Mark Jackson returning to Warriors' arena as broadcaster 

click to enlarge Former coach of the Golden State Warriors Mark Jackson will return to Oracle Arena as a part of ESPN's national telecast of the game Friday night against the Cleveland Cavaliers. - ALEX BRANDON/AP PHOTO
  • Alex Brandon/AP Photo
  • Former coach of the Golden State Warriors Mark Jackson will return to Oracle Arena as a part of ESPN's national telecast of the game Friday night against the Cleveland Cavaliers.

OAKLAND -- There will be a lot of eyes looking at the man sitting courtside when the Golden State Warriors host the Cleveland Cavaliers on Friday night at Oracle Arena.

No, not injured star LeBron James.

Mark Jackson will return to the building for the first time since the Warriors fired him as coach after last season. Jackson will be part of ESPN's national telecast, sitting on the opposite sideline of the court he called home the previous three years -- and not far from Warriors owner Joe Lacob.

The evening promises to be an interesting spectacle for viewers, an emotional reunion for players and possibly awkward for Jackson, his former bosses and his successor.

"It will (feel strange) at the beginning, but then everybody's doing their job," said Warriors point guard Stephen Curry, who strongly opposed Jackson's firing last May. "I'm sure he's happy to be covering basketball and commentating and at peace with where he's at. I'm sure the fans will give him a great reception, which he deserves for the work he did while he was here.

"I hope that happens, and we'll get to the business of playing basketball like usual. Obviously, when we're on the court, we won't be hearing what he's saying on the telecast, but I'm sure guys will appreciate having him there and honor him for what he was able to do while he was here."

New coach Steve Kerr has been through a similar scenario. He returned to Phoenix as a TNT broadcaster during the 2010-11 season after serving as general manager of the Suns the previous three years.

"It felt very strange. It was awkward. I'm sure there'll be some weird feelings for Mark," Kerr told reporters following Thursday's practice. "The biggest thing is we want to welcome him. He did a lot of great things for this team. He's got a lot of strong relationships with people on our roster and in our organization. So I want Mark to come in here and enjoy himself and visit with old friends. It should be a good night for everybody."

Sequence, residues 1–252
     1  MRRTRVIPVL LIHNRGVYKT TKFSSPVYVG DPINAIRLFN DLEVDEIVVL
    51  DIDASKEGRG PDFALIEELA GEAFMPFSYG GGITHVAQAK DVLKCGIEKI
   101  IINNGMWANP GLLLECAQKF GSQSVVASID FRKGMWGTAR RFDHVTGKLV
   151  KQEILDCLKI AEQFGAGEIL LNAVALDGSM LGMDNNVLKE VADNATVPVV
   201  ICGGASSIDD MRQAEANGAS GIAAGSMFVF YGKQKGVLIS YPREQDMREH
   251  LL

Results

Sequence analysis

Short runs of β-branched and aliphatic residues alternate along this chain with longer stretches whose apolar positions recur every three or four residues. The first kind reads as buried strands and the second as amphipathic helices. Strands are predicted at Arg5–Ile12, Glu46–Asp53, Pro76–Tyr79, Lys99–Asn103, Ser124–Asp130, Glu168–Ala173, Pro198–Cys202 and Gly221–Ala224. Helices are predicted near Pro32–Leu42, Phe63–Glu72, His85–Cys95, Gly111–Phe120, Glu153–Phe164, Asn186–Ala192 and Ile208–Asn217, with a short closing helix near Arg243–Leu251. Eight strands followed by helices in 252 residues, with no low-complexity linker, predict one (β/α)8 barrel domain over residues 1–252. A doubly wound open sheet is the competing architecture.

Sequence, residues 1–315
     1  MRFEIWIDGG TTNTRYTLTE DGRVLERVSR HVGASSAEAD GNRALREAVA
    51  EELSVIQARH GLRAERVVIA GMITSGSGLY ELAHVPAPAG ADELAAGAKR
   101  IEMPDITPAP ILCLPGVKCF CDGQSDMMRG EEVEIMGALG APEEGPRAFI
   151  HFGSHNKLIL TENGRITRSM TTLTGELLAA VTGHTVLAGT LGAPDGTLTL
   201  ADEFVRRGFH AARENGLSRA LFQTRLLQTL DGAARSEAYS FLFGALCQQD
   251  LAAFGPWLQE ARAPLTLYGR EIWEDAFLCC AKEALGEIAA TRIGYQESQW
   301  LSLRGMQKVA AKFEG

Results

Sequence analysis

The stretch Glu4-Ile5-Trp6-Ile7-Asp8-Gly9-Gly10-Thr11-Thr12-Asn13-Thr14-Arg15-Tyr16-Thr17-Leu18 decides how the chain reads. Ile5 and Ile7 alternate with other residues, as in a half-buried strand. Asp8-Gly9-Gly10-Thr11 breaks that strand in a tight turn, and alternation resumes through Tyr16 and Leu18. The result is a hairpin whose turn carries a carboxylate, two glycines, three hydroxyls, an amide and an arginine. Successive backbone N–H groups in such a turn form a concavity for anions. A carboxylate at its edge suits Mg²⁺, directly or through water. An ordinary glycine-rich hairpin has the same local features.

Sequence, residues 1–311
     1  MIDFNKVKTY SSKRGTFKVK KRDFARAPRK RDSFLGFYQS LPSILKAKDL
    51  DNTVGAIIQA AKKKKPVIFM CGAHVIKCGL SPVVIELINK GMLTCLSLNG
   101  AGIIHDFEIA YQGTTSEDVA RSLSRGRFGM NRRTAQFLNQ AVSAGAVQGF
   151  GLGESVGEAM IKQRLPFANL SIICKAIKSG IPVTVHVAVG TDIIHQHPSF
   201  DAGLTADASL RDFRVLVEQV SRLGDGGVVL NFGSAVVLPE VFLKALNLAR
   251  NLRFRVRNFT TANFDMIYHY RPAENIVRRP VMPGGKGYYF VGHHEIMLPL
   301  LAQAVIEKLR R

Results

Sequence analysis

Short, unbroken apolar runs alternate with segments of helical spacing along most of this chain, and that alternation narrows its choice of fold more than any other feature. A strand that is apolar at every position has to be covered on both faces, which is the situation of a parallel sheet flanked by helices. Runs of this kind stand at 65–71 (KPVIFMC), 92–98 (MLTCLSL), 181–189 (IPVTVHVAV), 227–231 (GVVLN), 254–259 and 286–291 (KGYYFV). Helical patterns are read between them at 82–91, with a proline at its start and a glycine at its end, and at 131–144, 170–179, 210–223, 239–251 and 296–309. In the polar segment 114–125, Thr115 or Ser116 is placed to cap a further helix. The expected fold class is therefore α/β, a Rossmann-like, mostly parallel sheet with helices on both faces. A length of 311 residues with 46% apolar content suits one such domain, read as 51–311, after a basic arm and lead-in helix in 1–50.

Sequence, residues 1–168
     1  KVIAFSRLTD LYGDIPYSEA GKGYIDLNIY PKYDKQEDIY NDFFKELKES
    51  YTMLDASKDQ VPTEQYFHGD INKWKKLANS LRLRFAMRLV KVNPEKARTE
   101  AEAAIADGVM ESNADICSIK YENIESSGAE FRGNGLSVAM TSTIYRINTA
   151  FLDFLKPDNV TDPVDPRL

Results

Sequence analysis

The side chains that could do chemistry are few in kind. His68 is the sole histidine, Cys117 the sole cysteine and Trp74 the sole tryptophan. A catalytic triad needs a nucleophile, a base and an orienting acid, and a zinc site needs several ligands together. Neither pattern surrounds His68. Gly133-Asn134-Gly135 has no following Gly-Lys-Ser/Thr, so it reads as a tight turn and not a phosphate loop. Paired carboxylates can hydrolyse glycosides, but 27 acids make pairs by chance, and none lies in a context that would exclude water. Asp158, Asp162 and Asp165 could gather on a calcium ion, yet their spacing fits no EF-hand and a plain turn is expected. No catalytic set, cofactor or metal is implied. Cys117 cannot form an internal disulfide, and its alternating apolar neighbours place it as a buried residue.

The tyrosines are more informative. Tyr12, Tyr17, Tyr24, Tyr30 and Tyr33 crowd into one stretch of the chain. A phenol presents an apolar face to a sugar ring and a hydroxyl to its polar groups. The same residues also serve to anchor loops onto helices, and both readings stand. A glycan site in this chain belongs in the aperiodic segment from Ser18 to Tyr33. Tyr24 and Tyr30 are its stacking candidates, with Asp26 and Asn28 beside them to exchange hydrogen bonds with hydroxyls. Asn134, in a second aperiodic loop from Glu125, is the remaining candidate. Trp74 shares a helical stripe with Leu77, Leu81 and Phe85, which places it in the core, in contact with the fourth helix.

Jackson did not respond to a message from The Associated Press seeking comment on his return.

Most players said they have stayed in contact with their former coach, regularly communicating through text messages. Others said they haven't had contact with him in a while knowing the transition could be uncomfortable for Jackson and the organization.

What just about everybody on the roster -- and the coaching staff -- has regularly acknowledged is that Jackson played as big a role as anybody in helping the perennially losing franchise become a winner.

Jackson took the Warriors from 23 wins to 46 to 51 in his three seasons. He became the first coach to lead the franchise to consecutive playoff appearances since Hall of Famer Don Nelson in 1991 and 1992.

"He taught us a lot. He really helped turn this organization around," forward Draymond Green said. "He really helped build that foundation defensively, offensively, and coach Kerr has come in and he's taken it to a different level."

The Warriors enter the game with an NBA-best 28-5 record. And while many have used the strong start as vindication for Jackson's firing, players said it's building on what their former coach helped start.

"He knows how we feel about him in the locker room. Those three years meant a lot to us," Curry said. "He set the tone and changed the identity of what it meant to be a Warrior, play Warrior basketball and be a relevant team in the playoffs. I would say he was very successful at his job for those three years.

"Obviously, it didn't end the way he expected or the way most of us expected. But he can hold his head high that he did his job the best way he knew how and made an impact on a lot of guys on and off the court."

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